Then we went to bed and crawled under every blanket we owned, topped by my sleeping bag, with Phoenix wedged comfortably (for him) under my arm. If anyone had to pee in the middle of the night, we crawled out of our snug nest, shoved feet into cold boots, made our way through the cold house by flashlight and found the human toilet (I was hauling water from the cattle tanks so we could flush) or went outdoors into the black infinity that is Iowa in February at 2 a.m. The average temp outdoors that week was between 30 and 32 degrees. The average temp in the house that week was about 40 degrees.

I’ve never had a summer puppy before. Never. Ever. Jess came in March (cold, dark, wet, fog, snow), Connor in November (cold, dark, wet, fog, trying to snow), Jamie in late September and Phoenix in February. Jamie was the closest thing I ever had to a summer puppy but his arrival at the end of September coincided with quickly diminishing daylight hours that restricted outdoor activity and dropping temps made middle-of-the-night trips outdoors a goosebumpy affair.

The idea of bringing a puppy home when there are warm temps and long hours of evening sunshine fills my heart with such paroxysms of joy I can barely stand it. Really. You have no idea. Bottom line, I’m looking forward to being able to make outdoor potty runs in the middle of the night in a T-shirt and flip-flops and not get frostbite or get clunked on the head by an ice-coated tree limb crashing down.

No, I don’t know which puppy is coming to Iowa. Yes, it’s driving me crazy. Yes, that’s a short trip. No, I don’t have a problem with it. The breeder is doing all she can to help me decide. I’ve seen the puppies exactly once, for five wonderful hours earlier this month. She has lived with them for nearly 8 weeks, watched them grow and change. Although any given puppy might be “the one” on any given day, I trust her judgement to help me choose the right one based on two months of interacting with them daily. Honestly, the day I visited the litter, I often found it difficult to look beyond the forest to study the individual trees - the presence of nine bouncy, outgoing, fuzzy puppies made it hard to focus on a single one for very long. Sitting on the grass with puppies tumbling in and out of my lap pretty much reduced my brain to oxytocin-saturated mush.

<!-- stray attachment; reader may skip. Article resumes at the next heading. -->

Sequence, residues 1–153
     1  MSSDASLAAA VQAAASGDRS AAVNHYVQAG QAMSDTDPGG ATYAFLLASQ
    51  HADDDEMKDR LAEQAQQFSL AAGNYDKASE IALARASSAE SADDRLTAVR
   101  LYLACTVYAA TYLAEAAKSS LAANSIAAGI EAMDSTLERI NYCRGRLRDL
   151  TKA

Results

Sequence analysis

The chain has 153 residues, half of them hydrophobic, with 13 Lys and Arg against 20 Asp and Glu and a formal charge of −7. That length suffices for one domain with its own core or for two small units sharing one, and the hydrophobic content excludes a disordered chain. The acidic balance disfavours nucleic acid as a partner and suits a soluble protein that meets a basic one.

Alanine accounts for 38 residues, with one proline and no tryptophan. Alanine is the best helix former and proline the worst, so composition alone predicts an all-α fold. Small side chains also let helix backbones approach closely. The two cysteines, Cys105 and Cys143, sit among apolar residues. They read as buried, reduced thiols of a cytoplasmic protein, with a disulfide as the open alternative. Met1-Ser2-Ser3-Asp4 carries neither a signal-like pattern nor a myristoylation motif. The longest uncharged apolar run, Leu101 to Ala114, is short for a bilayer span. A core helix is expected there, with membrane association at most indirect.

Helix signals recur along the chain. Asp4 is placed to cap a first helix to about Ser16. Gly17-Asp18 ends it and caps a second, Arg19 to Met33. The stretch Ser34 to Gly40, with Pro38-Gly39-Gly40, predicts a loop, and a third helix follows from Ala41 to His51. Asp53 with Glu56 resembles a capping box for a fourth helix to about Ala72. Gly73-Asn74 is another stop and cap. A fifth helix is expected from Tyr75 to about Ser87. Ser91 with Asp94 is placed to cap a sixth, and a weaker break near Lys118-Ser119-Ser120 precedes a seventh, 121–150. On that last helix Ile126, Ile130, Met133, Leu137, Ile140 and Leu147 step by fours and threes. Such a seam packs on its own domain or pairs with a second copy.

Even worse, after years of Belgian-blinded vision, it was damn near impossible to tell the five blue merle boys apart and think I only identified the four black tri’s correctly about half of the time. Unless the puppy in question was facing me and held still for longer than 2 seconds, I had a really hard time identifying the little beasts (smallest tri girl, wild tri girl, dilute blue boy, full white collar blue boy, solo tri boy, etc., etc.) and remembering what their puppy call names were so the breeder and I could have a sensible conversation about them.

My puppy-picking skills have never been based on scientific approach or strict behavior evaluations. I picked Jess out of his litter when he was five or six weeks old. I chose him because he was the only puppy who did not have a full white collar. Connor picked me. Truly. He was an accident - the puppy I wasn’t looking for and didn’t need but met by chance and suddenly desperately wanted. I picked Jamie - it was a simple choice between him (already showing promise of grace and elegance at 8 weeks) and his brother (who was a short-legged, lumpy sort of pup). Phoenix’s breeder picked him for me.

My current quandary is not which of nine puppies to choose but which of two puppies to choose. Or maybe three. But probably two. One is a boy. One is a girl. When I saw them at 6 weeks, they were both lovely - animated, tuggy, follow-y (is that a word? it is now), kissy and engaging. Social. Bold. Lovely structure. Pretty markings. Over the top stinkin' adorable.

Friends who always have boy dogs tell me to get the boy. Friends who always have girl dogs tell me to get the girl. Friends who have had both tell me to pick the one that I feel is right. I’ve always had boys. I thought I wanted another boy. Now I’m not so sure. But a girl is an unknown quantity. A boy is a known quantity. Sort of. I thought Phoenix was a known quantity. He was only too happy to prove me wrong. I don’t want the boy vs. girl debate to cloud my decision. I need to pick the puppy who is right for me, never mind if it has outdoor plumbing or indoor plumbing.

The Farmer is no help. He rolls his eyes and says, "Get the one that makes you happy." Phoenix is no help. He just fixes me with that Malinois/Jedi stare and I can hear him thinking, "Cat. In the house. You want a cat. In. The. House."